Berlin police don’t know how Magnotta arrived in the German capital or where he was staying.
“You are a hero in many eyes,” Rachel Montgomery of Ottawa posted on Anlayisli’s Facebook site. Thanks and congratulations were arriving from around the world for the Internet café clerk.
“It was with a lot of relief that our major crime investigators learned the news” at 12:40 p.m., Lafreniere said.
The police captain said there is further work to be done, including investigating ties Magnotta had with other people, and exploring other crimes he might possibly have been involved in.
“Our focus was to arrest him,” Lafreniere said. “Now it’s done.”
Magnotta had been the subject of an international manhunt for the gruesome killing and dismemberment of a student in Montreal. The self-described porn star had first been detected in France by police using his cellphone as a beacon. They even managed to find a hotel room where he had been staying.
“The man was seen in France, that’s what French authorities told us,” Lafreniere told reporters on the weekend.
“He can travel, he’s someone who has been known to travel, so we’re not taking any chances and we want to keep an open mind,” Lafreniere said. “We’ve received more than 360 tips, it’s huge, people really want to help.”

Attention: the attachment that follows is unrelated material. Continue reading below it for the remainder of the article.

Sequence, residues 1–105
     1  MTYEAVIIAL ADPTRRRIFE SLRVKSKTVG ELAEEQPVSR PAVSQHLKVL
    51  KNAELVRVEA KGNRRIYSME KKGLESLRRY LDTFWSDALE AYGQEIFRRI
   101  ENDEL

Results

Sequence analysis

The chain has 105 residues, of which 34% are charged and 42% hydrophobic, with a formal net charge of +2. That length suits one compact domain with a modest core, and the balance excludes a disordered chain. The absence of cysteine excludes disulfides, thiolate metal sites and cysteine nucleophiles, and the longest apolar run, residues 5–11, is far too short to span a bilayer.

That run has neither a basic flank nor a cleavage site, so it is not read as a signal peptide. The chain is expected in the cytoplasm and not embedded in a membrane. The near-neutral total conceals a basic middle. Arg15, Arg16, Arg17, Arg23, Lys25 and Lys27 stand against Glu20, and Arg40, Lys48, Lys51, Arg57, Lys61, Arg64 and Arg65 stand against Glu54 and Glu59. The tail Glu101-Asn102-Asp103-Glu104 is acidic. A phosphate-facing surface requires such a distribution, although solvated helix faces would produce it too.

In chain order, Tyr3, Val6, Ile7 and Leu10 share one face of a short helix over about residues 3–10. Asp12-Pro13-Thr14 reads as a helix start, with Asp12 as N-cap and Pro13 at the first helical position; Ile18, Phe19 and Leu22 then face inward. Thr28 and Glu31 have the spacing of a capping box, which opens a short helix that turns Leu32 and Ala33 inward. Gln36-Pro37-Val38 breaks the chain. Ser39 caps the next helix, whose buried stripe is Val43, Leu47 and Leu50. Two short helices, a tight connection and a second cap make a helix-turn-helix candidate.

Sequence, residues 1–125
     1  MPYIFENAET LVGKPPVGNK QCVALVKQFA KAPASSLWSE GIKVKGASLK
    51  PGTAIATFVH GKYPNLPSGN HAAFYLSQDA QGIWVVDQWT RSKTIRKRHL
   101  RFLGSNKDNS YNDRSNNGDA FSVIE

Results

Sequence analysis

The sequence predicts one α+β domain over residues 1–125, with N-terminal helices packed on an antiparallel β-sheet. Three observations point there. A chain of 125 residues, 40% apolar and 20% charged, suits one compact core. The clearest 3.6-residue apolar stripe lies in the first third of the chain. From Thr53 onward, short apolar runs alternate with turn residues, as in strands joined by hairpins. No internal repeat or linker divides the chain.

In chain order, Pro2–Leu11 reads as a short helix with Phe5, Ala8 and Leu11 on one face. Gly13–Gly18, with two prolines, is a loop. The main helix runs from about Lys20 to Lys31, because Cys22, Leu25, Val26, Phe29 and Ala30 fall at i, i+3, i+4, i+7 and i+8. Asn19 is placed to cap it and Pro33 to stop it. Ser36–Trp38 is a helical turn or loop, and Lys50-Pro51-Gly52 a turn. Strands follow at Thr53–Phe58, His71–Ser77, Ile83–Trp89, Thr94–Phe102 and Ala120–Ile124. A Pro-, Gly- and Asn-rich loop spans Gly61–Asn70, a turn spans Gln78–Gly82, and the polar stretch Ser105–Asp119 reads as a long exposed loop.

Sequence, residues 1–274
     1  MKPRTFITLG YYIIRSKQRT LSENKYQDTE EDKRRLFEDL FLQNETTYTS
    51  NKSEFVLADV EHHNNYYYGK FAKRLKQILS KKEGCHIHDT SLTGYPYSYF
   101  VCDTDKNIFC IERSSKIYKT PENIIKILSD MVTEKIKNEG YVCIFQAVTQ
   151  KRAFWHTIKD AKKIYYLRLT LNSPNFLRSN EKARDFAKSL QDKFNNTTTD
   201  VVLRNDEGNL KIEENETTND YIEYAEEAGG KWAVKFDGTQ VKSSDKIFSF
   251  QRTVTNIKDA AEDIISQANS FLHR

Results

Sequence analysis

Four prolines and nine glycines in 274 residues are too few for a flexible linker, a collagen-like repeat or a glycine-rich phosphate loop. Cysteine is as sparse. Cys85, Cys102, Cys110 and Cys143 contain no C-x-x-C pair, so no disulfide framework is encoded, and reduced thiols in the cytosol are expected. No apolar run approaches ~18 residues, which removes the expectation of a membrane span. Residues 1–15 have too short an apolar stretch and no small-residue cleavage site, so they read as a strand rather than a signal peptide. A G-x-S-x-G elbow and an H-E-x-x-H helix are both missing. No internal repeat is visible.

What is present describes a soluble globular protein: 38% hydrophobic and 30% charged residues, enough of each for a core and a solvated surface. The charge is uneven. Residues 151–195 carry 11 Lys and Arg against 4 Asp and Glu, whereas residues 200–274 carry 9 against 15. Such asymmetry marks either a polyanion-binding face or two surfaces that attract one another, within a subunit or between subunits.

Magnotta, dubbed the Canadian psycho in the European press, is wanted in the chilling death of Jun Lin, 33, a Chinese student at Montreal’s Concordia University. Lin’s torso was found in a suitcase left for garbage collection outside Magnotta’s Montreal apartment last week. Other severed body parts, including a hand and a foot, were mailed to the offices of the federal Conservatives and Liberals.
Police believe Lin was killed and his body dismembered either on May 24 or 25 in a Montreal apartment. A 10-minute video of the savagery was posted online.
Shortly afterward, Interpol issued an international alert for Magnotta who was born Eric Clinton Newman in Scarborough and has also used the name Vladimir Romanov. Pictures posted Sunday on Magnotta’s page on the Interpol website show a man with dark hair and a black Mickey Mouse shirt passing through airport security. The airport wasn’t identified.
Magnotta arrived at the Paris Charles de Gaulle Airport on May 26 and was later identified on surveillance cameras, according to Le Figaro. He was apparently put up for one night by a man who later contacted authorities after realizing who his guest had been.
One published report said Magnotta was spotted in a bar and in a hotel where he spent two nights. Another French newspaper, Le Parisien, quoted the manager of a bar who said Magnotta ordered a soft drink at his establishment last Wednesday night and appeared “very nervous.”
The bar manager said the fugitive left with a man who had an “impressive physique.”
An official in the Paris prosecutor’s office, speaking on condition of anonymity, said police are looking into the alleged sightings but had no additional details.
Meanwhile, the Chinese embassy in Ottawa has issued a statement advising Chinese visitors to Canada to take safety precautions.
With files from The Associated Press and Michel Dolbec